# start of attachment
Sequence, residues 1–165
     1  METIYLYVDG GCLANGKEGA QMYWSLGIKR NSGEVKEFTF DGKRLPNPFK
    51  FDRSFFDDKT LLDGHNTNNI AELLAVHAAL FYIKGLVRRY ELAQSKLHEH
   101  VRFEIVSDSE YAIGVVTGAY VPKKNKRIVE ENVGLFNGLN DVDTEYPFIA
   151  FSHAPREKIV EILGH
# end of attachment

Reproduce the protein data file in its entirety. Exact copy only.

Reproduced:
Sequence, residues 1–165
     1  METIYLYVDG GCLANGKEGA QMYWSLGIKR NSGEVKEFTF DGKRLPNPFK
    51  FDRSFFDDKT LLDGHNTNNI AELLAVHAAL FYIKGLVRRY ELAQSKLHEH
   101  VRFEIVSDSE YAIGVVTGAY VPKKNKRIVE ENVGLFNGLN DVDTEYPFIA
   151  FSHAPREKIV EILGH